»up  is consistently under the cost of wet
flue gas desulfurization (FGD) systems as
noted in this report.  Cost comparisons
are made on the basis of capital invest-
ments (dollars per kilowatt based on a
January 1986 start-up), levelized busbar
power costs in mills  per kilowatt hour,
and the cost per ton  of S02 removed.
Three plant sizes are used in the com-
parison studies, 200,400, and 600 MWe.
Additionally,  LIMB-only,  LIMB  with a
supplemental dry scrubber,  and  a wet
scrubber system are compared on each
  Costs are  obtained  for the various
technologies from vendor quotations, and
estimates  are generated  based on an
EPRI Class II design  and cost estimate
classification. This puts the project con-
tingencies in the  15-30% range. The
vendor quotations are supplemented with
recent design studies and purchase costs
adjusted to the current cost index. Labor
is computed  based on labor/material
ratios for similar work and adjusted for
site conditions and expected average labor
  Table 1 represents the cost comparisons
arrived at in  the report. Only the 400
MWe plant size is used here for the sake
of brevity. Low sulfur coal is used for
LIMB-only with 70% SO2 removal, while
high sulfur coal with 90% S02 removal is
used for LIMB with a dry scrubber and
the wet FGD system.
  The  comparison shows LIMB-only to
be the  least costly alternative, although it
would  not meet present NSPS demands.
LIMB with a supplemental dry scrubber
can  meet the criteria in a cost effective

  Based  on the  work accomplished  in
this  project, LIMB with a supplemental
dry scrubber is cost effective and viable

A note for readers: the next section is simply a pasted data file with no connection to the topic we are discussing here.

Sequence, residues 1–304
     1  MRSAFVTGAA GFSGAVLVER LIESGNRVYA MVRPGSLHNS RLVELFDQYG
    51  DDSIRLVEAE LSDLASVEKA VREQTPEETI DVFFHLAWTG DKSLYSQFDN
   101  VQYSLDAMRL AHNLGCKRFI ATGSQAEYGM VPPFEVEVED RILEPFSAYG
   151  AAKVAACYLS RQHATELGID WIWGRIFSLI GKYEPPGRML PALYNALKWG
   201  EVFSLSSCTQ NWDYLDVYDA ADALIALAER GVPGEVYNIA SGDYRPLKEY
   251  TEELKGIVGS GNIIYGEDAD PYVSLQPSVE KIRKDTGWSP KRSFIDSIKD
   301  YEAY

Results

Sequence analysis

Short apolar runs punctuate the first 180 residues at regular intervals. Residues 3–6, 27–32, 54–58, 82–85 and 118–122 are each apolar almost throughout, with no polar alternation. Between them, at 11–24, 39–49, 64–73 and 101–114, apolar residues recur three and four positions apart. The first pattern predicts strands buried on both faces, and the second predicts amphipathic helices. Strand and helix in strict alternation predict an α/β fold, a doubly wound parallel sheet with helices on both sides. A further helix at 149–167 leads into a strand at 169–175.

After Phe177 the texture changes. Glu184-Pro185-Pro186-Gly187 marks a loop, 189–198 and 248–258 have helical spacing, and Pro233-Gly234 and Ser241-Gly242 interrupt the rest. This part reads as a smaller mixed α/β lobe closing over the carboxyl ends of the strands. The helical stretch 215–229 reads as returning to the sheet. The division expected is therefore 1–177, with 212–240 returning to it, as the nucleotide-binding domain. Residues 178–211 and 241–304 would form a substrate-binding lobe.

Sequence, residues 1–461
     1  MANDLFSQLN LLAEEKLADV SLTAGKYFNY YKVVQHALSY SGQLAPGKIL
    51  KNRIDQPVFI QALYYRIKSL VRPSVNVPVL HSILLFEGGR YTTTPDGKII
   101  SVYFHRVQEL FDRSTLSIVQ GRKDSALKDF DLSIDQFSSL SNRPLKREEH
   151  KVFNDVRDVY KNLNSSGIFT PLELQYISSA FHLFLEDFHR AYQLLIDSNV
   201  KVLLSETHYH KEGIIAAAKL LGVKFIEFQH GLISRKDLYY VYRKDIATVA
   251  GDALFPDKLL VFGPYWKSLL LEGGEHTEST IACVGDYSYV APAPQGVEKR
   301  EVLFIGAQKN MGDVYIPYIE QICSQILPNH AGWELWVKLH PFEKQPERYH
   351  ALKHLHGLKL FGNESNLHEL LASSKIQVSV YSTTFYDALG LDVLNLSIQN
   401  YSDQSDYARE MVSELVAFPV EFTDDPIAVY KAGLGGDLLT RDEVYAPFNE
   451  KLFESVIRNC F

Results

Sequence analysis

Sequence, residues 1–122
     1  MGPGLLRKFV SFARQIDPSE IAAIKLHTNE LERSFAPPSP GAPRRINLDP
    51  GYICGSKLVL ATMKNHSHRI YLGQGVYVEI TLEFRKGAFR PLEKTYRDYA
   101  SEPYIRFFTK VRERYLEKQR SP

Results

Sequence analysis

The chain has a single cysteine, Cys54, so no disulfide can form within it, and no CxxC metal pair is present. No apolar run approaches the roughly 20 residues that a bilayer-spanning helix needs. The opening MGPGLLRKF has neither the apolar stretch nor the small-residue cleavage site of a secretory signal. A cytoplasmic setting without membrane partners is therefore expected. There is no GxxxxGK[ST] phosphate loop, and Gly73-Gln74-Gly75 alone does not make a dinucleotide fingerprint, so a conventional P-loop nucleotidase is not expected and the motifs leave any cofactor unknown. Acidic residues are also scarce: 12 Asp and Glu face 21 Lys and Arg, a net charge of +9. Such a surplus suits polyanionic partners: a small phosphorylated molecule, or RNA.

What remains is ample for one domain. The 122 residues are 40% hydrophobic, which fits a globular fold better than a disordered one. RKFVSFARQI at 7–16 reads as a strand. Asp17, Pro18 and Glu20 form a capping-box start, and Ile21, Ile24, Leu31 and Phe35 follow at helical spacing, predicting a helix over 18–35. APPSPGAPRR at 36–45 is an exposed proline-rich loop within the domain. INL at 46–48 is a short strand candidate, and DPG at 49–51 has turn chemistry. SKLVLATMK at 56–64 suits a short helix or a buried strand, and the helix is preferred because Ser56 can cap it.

(able to meet NSPS requirements) for the
reduction of the major acid rain precur-
sors, NOX and S02. On a dollars per ton of
S02  removed basis, LIMB with a supple-
mental dry scrubber is approximately 80%
the cost of a wet FGD system regardless
of whether the plant size is 200, 400, or
600 MW. The cost per ton of SO2 removed
is made up of fixed operating costs, capital
costs, variable operating costs, and con-
sumables cost.
  The report shows that, on the basis of
the extensive studies  performed,  LIMB
should  be a major consideration  for
utilities when reductions in NOX and/or
S02  are  necessary. Demonstrations, in-
cluding  and  in  addition to  the EPA
sponsored project at Ohio Edison's Edge-
water  plant,  would not  only  provide
proof-of-concept, but confirm capital and
operating cost levels for the technology.
  ft. K. Mongeon is with Riley Stoker Corporation, Worcester, MA 01610.
  David G. Lachapelle is the EPA Project Officer (see below).
  The complete report, entitled "Wall-Fired Boiler Design Criteria for Dry Sorbent
    SO2 Control with Low-NO* Burners."  (Order No. PB 88-113 485/AS; Cost:
    $38.95, subject to change) will be available only from:
          National Technical Information Service
          5285 Port Royal Road
          Springfield. VA 22161
          Telephone: 703-487-4650
  The EPA Project Officer can be contacted at:
          Air and Energy Engineering Research Laboratory
          U.S. Environmental Protection Agency
          Research Triangle Park, NC 27711